Viva Mexico! Never mind the H1N1 or La Familia Michoacana. There’s more to Mexico than swine flu and drug trafficking, though I never realized it until I traveled to Mexico City for my cousin’s wedding last weekend. Obviously it is hard to ignore the poverty and corruption, especially when cops jack your wallet on the way down to Baja. On the other hand, people have been raving about Tulum for years, but I never much wanted to get Montezuma’s revenge twice. The first time was bad enough. Nor did I wish to end up naked on a stage in front of a thousand people like I did on spring break in 1994. Even though I won a free trip back. I guess they have a lot of wet T-shirt contests south of the border. Ten years later, I found myself skinny-dipping on a beach in Acapulco, only this time I was at another wedding, and the groom had confiscated my dress.
For one reason or another, Mexican culture has long been in my psyche. Like any good American, I’ve eaten a taco and have a story to tell about the time I drank too much tequila. Actually, I have more than one story. I love tequila. It turns me into a loud mouth vandal. But my previous experiences in Cancun, Acapulco, and Tijuana only confirmed my image of a half-baked nation of paupers without enough salt in their baby food. After 10 years in California, I can say many Mexicans are gentle, humble, and hardworking. But hell, what’s wrong with their country? So many of them are risking their lives to cross the border. Could it have something to do with the fact that every time you brush your teeth you’re glued to the can for 48 hours? Whatever is wrong with Mexico, and there is a lot wrong with Mexico, I never understood the draw. Ever since the Spanish conquered the warrior tribes that previously inhabited the region, Mexico always seemed like the runner-up.
But therein lies the irony. They were once warriors. Now, for the most part, they are passive, head-to-the-ground laborers. These are not terribly bad qualities to have. They are generally good Catholics, and what I admire most in Mexicans is their passivity. Not one of the Mexicans I hired to drive me around or that served me ever got uppity—even when I gave them cause to. And believe me, I was a demanding gringa at times. You see, despite the fact that I live in England, where patience is paramount if one is to get anything done, I am not used to life in the Third World. We forget just how lucky we are here in the U.S of A where life is relatively easy. Sure, people are struggling, and unemployment is up, but compared to those who live on the streets of the Distrito Federal, Americans are a bunch of pansies. Furthermore, corruption is bad on both side of the Rio Grande—much worse in the States when you take Wall St. into account.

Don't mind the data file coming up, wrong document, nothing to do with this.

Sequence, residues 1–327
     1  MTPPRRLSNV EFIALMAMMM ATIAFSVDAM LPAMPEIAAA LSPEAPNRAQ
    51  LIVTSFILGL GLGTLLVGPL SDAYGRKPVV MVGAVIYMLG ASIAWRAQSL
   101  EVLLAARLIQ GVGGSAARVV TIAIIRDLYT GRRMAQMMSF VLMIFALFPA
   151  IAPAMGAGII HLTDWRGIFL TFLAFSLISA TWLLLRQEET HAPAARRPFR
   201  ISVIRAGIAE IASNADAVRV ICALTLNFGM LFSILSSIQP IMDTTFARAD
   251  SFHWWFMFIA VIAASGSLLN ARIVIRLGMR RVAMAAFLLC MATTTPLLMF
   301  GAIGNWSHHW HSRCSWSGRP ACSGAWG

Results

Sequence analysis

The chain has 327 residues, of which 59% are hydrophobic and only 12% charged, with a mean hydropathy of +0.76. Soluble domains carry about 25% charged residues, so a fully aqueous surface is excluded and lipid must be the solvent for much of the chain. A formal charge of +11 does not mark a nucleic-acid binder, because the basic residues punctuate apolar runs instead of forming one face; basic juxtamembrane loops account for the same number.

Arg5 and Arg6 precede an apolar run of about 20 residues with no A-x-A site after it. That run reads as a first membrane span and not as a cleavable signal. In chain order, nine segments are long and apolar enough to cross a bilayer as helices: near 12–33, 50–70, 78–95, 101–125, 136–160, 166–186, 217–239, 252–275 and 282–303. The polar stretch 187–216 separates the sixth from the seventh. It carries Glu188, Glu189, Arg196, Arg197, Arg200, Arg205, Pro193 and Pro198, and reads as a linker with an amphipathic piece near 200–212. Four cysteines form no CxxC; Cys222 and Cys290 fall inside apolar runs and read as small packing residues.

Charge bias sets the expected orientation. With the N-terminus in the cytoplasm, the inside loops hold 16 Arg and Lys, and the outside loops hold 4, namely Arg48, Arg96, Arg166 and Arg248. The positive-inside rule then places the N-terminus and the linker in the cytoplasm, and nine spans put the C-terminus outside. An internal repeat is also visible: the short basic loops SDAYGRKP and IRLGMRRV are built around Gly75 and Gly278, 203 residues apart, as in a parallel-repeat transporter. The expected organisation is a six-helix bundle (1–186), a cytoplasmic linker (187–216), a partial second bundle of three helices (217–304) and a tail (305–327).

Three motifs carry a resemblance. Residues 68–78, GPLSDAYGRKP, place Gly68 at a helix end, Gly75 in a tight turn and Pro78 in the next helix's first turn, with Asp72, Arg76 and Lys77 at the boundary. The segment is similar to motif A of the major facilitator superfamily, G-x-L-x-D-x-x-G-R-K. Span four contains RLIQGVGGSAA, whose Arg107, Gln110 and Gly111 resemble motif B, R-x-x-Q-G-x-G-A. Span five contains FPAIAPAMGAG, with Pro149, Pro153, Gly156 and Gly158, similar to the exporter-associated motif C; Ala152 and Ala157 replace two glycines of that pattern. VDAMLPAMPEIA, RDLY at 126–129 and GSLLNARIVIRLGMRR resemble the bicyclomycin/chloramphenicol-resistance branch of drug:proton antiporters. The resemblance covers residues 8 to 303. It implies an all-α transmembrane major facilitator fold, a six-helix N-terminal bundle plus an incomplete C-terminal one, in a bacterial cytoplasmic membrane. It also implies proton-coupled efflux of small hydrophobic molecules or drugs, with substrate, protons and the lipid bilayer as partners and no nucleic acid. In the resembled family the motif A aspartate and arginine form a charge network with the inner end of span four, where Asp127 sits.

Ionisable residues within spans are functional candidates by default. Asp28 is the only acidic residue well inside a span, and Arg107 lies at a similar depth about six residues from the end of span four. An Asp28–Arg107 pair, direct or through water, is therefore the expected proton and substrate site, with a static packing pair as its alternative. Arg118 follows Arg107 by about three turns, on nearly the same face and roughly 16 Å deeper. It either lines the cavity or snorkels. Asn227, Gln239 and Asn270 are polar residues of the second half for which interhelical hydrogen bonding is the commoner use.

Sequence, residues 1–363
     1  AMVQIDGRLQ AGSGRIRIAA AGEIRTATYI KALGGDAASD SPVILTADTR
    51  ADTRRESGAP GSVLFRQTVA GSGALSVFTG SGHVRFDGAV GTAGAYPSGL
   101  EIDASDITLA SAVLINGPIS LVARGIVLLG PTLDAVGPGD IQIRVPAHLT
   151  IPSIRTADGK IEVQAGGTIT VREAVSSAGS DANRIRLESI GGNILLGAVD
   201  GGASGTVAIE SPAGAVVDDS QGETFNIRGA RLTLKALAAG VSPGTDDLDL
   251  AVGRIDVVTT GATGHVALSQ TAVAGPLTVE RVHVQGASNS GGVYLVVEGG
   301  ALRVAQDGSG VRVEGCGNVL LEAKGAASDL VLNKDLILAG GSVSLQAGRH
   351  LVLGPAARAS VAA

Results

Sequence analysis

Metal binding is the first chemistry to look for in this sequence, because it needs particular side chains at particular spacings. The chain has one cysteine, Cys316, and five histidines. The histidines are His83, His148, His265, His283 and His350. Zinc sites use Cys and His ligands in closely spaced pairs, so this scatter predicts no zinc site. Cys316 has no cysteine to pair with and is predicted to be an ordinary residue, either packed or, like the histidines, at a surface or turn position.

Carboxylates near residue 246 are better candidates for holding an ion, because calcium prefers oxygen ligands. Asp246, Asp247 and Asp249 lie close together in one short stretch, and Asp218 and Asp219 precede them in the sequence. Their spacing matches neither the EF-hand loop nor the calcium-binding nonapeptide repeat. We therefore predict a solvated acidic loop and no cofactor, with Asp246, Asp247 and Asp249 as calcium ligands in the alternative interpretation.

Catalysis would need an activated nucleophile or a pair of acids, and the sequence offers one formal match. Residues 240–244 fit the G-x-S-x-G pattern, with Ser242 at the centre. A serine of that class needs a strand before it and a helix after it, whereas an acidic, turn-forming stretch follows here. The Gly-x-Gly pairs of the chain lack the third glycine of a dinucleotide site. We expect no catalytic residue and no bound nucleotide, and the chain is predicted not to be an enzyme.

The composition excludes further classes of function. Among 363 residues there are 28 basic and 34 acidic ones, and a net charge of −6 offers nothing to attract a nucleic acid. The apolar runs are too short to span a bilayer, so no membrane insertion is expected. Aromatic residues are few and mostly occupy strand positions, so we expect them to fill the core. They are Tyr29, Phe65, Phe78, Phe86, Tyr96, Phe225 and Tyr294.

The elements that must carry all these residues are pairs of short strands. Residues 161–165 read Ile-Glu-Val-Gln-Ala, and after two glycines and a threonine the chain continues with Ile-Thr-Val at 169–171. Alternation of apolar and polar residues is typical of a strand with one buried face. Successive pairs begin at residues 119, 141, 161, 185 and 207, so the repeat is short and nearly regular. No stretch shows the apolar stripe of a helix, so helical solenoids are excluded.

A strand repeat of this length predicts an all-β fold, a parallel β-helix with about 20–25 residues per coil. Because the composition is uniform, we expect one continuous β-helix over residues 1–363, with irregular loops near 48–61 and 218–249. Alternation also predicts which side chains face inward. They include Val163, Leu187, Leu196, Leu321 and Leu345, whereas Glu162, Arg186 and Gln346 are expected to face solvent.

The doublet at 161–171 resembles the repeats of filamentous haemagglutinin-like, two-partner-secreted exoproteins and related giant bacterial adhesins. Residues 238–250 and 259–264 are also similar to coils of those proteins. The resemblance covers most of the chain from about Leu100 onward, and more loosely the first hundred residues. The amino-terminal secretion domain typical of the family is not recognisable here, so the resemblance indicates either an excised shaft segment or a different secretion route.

What impressed me most about Mexico is the architecture. For a country with more hovels than sombreros, they have a long and magnificent architectural history. Mexicans take their building seriously. And in Mexico City, it really shows. The Museum of Anthropology is a spectacular structure. Benito Juarez airport is, too. Dozens of modern skyscrapers in the commercial district are just as spectacular as any American skyline. The historic center is quite a sight, and buildings from almost every era dot the city. Famous architects like Luis Barragan have left an indelible mark on Mexico, and almost every house I visited had a pink wall, homage to the great Barragan. Many contemporary architects are either inspired by him, or blatantly rip him off. The sense of color and variety of styles makes Mexico a visually dynamic place and a good source of inspiration for any aesthete. Mexican textiles and crafts are among the finest in the world, the food is top quality, and so are the drugs. What’s not to love?
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